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Partnering to Drive Innovation and Experimentation during the Pandemic: Turning Crisis into Opportunity

Partnering to Drive Innovation and Experimentation during the Pandemic: Turning Crisis into Opportunity

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As the world around us evolves, we must make sure we are changing in tandem to effectively bring about the changes we would like to see in it. This is something that nonprofits and corporations alike have come to realize in the past year and a half, and continue to work towards achieving on a larger scale.

Wake Up Call: Navigating New Pathways for Corporate Community Investment in Canada” was released in 2020 as a response to the Canadian corporate community stepping up to take an increasingly flexible and ‘more-than-money' approach to supporting causes and organizations. Building upon “Wake Up Call” to take engagement during the pandemic to the next level, this year Imagine Canada published “Partnering for Impact: From Crisis to Opportunity.” This latest study exemplifies how the flexibility shown by nonprofits, companies, and government entities in the past year has created innovative opportunities to best serve the needs of their communities. 

The new report contains 9 case studies that provide insights into how corporations and nonprofit organizations in Canada were able to reach unprecedented growth and/or critical impact despite the hardships created by the pandemic. Three of these case studies stood out as great examples of the central theme in the report because of their focus on innovation and experimentation through developing partnerships, making long-term commitments, and building digital infrastructure to make an impact across the globe. Below is a review of the report’s key takeaways.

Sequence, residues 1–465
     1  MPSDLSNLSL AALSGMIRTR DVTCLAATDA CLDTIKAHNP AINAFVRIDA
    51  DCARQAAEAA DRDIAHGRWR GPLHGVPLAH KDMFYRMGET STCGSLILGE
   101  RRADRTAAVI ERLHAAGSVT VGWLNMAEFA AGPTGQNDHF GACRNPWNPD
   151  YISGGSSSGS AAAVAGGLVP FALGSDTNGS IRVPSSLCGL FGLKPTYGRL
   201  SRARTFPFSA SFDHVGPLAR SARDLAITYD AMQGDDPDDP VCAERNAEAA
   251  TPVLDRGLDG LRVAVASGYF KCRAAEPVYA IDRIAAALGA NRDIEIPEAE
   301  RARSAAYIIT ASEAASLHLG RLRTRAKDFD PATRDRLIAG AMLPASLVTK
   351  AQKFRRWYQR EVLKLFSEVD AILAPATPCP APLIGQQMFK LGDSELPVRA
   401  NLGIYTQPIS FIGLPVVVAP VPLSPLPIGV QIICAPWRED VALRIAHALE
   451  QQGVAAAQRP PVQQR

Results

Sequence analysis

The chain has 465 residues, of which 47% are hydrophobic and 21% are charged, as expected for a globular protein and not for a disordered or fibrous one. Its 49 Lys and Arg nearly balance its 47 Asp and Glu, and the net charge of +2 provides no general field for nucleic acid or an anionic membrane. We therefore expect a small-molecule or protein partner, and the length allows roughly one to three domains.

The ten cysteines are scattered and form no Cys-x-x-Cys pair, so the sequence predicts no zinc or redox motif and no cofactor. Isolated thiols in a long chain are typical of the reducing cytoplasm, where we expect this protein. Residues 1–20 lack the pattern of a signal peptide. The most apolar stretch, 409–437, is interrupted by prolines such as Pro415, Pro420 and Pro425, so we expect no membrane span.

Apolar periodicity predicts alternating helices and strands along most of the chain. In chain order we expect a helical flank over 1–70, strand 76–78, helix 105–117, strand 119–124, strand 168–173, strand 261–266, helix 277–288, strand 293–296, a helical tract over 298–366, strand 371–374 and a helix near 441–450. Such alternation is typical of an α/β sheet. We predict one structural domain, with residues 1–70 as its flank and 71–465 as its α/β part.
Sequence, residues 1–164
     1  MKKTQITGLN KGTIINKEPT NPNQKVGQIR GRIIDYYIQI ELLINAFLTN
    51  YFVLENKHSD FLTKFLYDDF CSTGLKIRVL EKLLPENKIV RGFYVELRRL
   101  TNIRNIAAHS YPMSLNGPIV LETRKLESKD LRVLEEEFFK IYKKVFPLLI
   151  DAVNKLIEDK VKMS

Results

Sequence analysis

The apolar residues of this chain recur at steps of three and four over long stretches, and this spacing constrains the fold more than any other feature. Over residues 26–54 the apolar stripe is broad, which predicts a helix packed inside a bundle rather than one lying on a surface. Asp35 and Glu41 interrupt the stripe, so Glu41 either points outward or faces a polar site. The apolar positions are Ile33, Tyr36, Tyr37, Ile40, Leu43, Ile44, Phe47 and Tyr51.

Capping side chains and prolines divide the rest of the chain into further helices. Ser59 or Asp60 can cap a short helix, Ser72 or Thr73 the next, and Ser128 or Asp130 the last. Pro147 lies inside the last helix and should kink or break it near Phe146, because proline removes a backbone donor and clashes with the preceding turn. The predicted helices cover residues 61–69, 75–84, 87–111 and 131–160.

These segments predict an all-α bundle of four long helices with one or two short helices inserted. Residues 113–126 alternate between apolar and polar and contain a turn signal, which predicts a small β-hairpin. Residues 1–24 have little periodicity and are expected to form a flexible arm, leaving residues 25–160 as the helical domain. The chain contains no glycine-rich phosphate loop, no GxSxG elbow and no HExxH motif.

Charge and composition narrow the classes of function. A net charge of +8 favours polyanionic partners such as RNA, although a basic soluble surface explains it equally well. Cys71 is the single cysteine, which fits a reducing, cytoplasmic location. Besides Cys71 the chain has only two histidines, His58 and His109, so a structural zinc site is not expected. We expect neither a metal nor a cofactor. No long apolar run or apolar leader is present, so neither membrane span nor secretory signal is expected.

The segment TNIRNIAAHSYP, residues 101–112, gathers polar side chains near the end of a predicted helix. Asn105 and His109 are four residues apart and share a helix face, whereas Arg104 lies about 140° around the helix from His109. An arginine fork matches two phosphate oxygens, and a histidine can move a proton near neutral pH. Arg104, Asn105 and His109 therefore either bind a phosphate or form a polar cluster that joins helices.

Building Tri-Sector Partnerships – Case Study #2

Rome wasn’t built in a day and the job certainly wasn’t done alone. The same goes for our global social good community. When addressing global problems such as homelessness or food insecurity, the need for organizations to collaborate with one another is crucial. When WoodGreen Community Services set out to add 34 new affordable housing units to a 346-unit building, they partnered with Daniels Corporation, Sun Life Financial, and the City of Toronto in order to do so. A project of this scale was projected to take 4 years to complete, however this group of private, public and nonprofit partners worked together, leveraging each other’s skills to build the units in less than a year. They harnessed the expertise of each sector in order to make a small step towards achieving a bigger impact. 

Long-Term Commitments – Case Study #6